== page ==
William Hunt  

Musicians and Home Office Tax Deductions

William Hunt
April 2, 2019

Editor's Abstract (Click to Hide)

Have you ever wondered whether you can deduct your practice room? Your teaching studio? What about the room where you use your computer to do your bookkeeping? Just in time for tax deadlines, violinist and Enrolled Agent Bill Hunt offers his professional advice about when you can and cannot take a home office deduction.

- Ann Drinan

Introduction

Many taxpayers question whether they can deduct a room or portion of their personal residence if they use that portion for business reasons. Frequently, the questions will be: “Can I take a deduction for our guest bedroom where I keep a computer to retrieve emails from work?” or “I do all my research for my school teaching job in my family room; can I take a deduction for this room?” or “I have to work evenings and weekends for my employer; I do this work in my study den at home. Can I take a deduction for this room?”

For musicians, the two questions most commonly asked are: “I teach private lessons in my home; can I take a deduction for this room?” and “I am a professional musician and must practice to maintain my skills; can I take a deduction for the room in my house that I use for practicing?” There are certainly other reasons for which musicians use parts of their homes for business purposes. However, for the purposes of this article, I will only address the private teaching studio and practice room situations.

Home office tests

The answer to whether a home office is deductible is not always simple, but the current rules for claiming a home office are fairly straight-forward. In order to claim a home office deduction, the home office area must be used regularly and exclusively:

As the principal place of business (including administrative use), As a place to meet with clients in the normal course of business, or In connection with the business, if it is a separate structure not attached to the taxpayer’s personal residence.

An additional requirement for an employee is that the area must also be used for the employer’s convenience.

Regular use means that the area used for business must be used on a continuing basis; occasional or incidental use does not meet the regular use test even if the area is used for no other purpose. Exclusive use means that the area is used for business purposes only. Exceptions to the exclusive use test are made for storage of inventory or product samples, and day care facilities.

Private music teaching studios

A musician who is self-employed teaching private music lessons in his/her home will be able to claim a home office deduction as long as the room (or portion of a room) satisfies the regular and exclusive use tests. If the room is also used to entertain guests, watch the television, or for any purpose that is not related to teaching the private lessons, the home office deduction will be disallowed. This is an example of a fairly straight-forward home office deduction.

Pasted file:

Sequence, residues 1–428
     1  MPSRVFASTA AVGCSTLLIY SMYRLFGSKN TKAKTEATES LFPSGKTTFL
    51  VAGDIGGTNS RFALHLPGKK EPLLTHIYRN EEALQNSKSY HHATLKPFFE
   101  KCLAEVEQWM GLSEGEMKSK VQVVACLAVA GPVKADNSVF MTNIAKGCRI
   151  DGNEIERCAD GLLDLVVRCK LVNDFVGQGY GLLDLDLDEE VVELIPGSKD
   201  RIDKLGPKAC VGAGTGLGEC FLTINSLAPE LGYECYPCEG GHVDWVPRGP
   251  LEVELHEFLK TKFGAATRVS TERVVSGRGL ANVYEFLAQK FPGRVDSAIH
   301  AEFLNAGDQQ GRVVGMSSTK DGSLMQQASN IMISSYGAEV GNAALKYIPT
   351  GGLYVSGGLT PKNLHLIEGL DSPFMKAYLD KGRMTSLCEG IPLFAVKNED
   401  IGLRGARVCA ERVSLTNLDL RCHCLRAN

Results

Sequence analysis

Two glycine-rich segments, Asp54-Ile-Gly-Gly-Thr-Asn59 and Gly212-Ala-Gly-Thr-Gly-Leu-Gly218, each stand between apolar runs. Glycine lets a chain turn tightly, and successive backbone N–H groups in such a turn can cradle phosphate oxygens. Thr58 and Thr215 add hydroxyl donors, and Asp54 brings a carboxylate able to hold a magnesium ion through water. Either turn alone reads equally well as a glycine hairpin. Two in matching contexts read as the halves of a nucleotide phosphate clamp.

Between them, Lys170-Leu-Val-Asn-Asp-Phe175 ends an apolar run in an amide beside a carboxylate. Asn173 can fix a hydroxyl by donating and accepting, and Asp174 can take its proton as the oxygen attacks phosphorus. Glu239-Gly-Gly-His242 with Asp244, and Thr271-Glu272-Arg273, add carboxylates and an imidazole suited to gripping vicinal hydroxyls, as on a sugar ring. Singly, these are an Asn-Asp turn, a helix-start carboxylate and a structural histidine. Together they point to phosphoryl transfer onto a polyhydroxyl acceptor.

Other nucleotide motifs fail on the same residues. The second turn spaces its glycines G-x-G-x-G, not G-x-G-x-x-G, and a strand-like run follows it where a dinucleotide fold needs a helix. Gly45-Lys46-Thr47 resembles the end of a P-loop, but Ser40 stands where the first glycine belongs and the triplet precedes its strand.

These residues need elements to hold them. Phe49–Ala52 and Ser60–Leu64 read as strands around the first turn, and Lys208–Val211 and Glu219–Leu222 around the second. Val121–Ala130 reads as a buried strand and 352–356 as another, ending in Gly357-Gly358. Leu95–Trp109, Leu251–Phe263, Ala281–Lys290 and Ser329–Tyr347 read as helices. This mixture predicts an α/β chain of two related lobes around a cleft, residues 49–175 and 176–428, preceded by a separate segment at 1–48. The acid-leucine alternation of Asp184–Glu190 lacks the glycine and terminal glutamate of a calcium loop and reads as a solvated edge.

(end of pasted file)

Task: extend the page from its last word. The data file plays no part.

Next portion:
Practice rooms for performing musicians: a brief history

For performing musicians the home office deduction can be more complex; over the past two decades the rules for claiming a home office deduction have also changed. Home office deductions for practice rooms have been disallowed by the IRS. The IRS reasoned that the principal place of business for a musician is the concert hall, which is provided by the employer. Because the employer was providing the “office” in the form of a concert hall, no deduction was allowed for the home practice room. However, a court decision involving a symphony musician went contrary to the IRS position. A home office deduction was allowed to the musician who was able to substantiate that:

  • S/he spent more time practicing in his/her home office than performing on location at the concert hall
  • Practicing was essential to maintain his/her skills to keep his/her position in the orchestra,
  • The orchestra did not provide a place for him/her to practice.

Therefore, the court ruled that the home practice room was the principal place of business by the simple fact that more time was spent there than in the concert hall. At this point it seemed that musicians employed by symphony orchestras could now claim the home office deduction for a practice room, at least until a rather famous court case in 1993.

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Comments (Click to Hide)

many of the orchestras in which i play now have contract clauses specifying that the musician is required to provide his or her own practice facilities away from the employer's premises; i think this is supposed to help establish the "employer's convenience"
pattiviola on July 14, 2019 at 5:59 PM
For how many years can disallowed home expenses be carried forward?
drharlee on February 10, 2019 at 6:06 PM
Generally, unallowed home office expenses carry forward until you sell the home. Perhaps the greater concern is that it is good to show a profit for a sole proprietor in at least 3 of every 5 years. With disallowed home office expense carry forwards, there would not be profit shown on the return for some amount of consecutive years.
bhunt on February 23, 2019 at 12:49 PM

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